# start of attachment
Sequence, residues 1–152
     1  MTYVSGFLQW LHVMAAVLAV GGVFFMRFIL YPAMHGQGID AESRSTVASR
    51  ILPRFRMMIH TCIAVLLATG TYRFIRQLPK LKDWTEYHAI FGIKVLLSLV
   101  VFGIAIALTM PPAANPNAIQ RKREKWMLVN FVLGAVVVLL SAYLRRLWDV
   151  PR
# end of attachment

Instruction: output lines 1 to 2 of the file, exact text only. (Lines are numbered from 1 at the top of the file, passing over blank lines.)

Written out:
Sequence, residues 1–152
     1  MTYVSGFLQW LHVMAAVLAV GGVFFMRFIL YPAMHGQGID AESRSTVASR